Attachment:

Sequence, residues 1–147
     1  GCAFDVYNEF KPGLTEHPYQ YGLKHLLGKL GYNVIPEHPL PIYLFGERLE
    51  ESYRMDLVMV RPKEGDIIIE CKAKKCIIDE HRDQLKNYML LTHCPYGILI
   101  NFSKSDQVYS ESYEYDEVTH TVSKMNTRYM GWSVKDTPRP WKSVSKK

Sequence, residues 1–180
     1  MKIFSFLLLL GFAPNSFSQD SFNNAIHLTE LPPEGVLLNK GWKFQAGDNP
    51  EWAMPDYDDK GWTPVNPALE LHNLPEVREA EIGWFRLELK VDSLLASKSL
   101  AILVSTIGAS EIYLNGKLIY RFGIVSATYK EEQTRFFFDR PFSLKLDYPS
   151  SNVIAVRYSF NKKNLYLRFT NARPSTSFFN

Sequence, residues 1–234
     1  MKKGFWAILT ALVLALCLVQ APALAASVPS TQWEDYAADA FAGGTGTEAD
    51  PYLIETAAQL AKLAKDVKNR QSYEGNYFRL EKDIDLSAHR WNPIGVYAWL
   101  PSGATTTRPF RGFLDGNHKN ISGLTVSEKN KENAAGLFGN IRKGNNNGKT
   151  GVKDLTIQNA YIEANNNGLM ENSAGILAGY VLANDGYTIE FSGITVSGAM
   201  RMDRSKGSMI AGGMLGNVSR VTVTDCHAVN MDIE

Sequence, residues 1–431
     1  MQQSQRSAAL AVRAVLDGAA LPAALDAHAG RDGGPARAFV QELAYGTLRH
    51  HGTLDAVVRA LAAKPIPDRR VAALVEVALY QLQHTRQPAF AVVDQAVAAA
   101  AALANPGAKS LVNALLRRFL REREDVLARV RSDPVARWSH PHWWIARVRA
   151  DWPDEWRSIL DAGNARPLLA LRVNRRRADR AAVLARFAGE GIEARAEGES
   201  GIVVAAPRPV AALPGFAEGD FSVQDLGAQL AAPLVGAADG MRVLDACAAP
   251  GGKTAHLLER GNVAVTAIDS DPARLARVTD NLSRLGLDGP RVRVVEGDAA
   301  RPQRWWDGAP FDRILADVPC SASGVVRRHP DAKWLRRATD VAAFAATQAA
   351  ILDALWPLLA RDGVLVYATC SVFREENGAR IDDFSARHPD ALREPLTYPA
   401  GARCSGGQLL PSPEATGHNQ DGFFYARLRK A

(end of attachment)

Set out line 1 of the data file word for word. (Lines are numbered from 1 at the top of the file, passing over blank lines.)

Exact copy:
Sequence, residues 1–147